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Join Tom and Susan Patterson for the last few days of their New Zealand hiking adventure. After hiking, helicoptering and jetboating in Fiordland they are now entering what promises to be a fitting finale - Aoraki Mt Cook National Park. Susan shares her journal from days 11 to 13 of their tour.
My New Zealand Trails World Heritage Hiking Trip - Part 5.
Day 11 Travel day from Te Anau to Mt Cook
Te Anau is located on the shores of Lake Te Anau, the largest lake in the South Island. Its sparkling blue waters are surrounded by spectacular mountains and native forests making a beautiful site. We were in a lakeside villa with rose beds surrounding the hotel and pool, and a good piano for Tom to play in the bar/ lounge. We left a bit later today which gave us a chance to do a load of laundry and me to send off my previous blog chapter. We drove up to near Queenstown again for lunch and a meeting with Pyong, a Korean American who had gone on the New Zealand Trails November trip. She had left that group in Queenstown and missed the Mt Cook part of the trip. She liked NZ so much she decided to come back and join us for our last two days of hiking.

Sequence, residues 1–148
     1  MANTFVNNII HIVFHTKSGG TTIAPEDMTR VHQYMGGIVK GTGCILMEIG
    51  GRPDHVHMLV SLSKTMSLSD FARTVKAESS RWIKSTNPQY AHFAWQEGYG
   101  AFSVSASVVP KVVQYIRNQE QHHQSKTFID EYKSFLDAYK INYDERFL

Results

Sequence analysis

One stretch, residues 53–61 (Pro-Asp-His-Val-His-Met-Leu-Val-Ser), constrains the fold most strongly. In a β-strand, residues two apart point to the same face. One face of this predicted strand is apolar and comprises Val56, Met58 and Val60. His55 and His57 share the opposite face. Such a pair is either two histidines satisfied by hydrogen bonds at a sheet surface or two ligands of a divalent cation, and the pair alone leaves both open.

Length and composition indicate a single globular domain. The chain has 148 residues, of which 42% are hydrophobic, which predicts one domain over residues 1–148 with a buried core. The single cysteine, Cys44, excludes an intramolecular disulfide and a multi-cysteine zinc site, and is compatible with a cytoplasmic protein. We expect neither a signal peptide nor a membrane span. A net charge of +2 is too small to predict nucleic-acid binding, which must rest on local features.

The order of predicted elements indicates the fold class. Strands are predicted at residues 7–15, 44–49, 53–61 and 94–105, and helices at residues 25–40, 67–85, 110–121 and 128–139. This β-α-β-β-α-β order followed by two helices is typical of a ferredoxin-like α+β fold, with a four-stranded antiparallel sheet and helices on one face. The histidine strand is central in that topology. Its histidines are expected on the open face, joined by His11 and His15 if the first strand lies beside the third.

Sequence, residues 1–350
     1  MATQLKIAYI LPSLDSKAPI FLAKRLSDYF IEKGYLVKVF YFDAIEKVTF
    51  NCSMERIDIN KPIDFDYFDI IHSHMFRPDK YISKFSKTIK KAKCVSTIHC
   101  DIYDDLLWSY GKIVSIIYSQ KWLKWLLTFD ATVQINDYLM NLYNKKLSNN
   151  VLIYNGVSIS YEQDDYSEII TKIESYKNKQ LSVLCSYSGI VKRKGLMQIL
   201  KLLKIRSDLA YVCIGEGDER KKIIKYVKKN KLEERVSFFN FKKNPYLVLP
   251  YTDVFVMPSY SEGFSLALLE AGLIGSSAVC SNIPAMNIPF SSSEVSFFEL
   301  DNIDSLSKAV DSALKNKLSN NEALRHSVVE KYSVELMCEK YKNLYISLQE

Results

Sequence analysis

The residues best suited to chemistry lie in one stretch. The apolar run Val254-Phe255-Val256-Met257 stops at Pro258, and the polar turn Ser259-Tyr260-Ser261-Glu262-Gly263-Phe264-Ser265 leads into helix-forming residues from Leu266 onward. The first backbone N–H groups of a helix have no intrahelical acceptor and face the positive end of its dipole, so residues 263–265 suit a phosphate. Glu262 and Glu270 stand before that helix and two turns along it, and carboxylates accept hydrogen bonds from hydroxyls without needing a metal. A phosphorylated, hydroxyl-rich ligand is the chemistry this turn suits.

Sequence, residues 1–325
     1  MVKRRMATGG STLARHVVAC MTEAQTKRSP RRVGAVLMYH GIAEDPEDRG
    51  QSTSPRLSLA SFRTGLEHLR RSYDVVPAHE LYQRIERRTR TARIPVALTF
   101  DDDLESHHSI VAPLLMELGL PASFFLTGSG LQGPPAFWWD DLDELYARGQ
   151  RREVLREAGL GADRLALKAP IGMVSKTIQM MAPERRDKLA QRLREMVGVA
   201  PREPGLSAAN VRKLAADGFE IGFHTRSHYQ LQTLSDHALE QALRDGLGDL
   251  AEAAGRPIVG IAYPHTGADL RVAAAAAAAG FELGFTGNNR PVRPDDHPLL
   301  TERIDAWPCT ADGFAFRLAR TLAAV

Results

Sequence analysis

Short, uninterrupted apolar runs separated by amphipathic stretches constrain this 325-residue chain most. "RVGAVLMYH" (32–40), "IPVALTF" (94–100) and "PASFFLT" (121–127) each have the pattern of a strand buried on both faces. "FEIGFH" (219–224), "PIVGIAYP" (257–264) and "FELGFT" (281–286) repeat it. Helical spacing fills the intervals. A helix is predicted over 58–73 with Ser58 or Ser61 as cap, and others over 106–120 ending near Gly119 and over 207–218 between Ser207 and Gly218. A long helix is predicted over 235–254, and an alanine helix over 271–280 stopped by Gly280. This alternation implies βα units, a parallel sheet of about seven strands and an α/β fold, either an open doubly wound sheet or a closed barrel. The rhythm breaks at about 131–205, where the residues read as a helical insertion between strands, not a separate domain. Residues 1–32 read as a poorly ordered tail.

Our first stop was Cromwell, a former gold mining town, which is now “The Fruit Bowl of the South”. Pyong and I loaded up on apricots, peaches, nectarines, cherries, and plums which I’ve been eating ever since. Can’t take any produce to Australia so I must finish my stone fruit gorging here.Our afternoon stop was at Omarama, in the Waitaki District which produces the world-class merino wool used by Icebreaker for their great merino sportswear I covet. Once again, the price tags deterred me, but I did buy a Paua (highly polished blue green abalone shell) necklace in the shape of the Maori symbol for new life which I’ve worn ever since. Paua is also called “Sea Opal” and high quality specimens do resemble Australian black opal.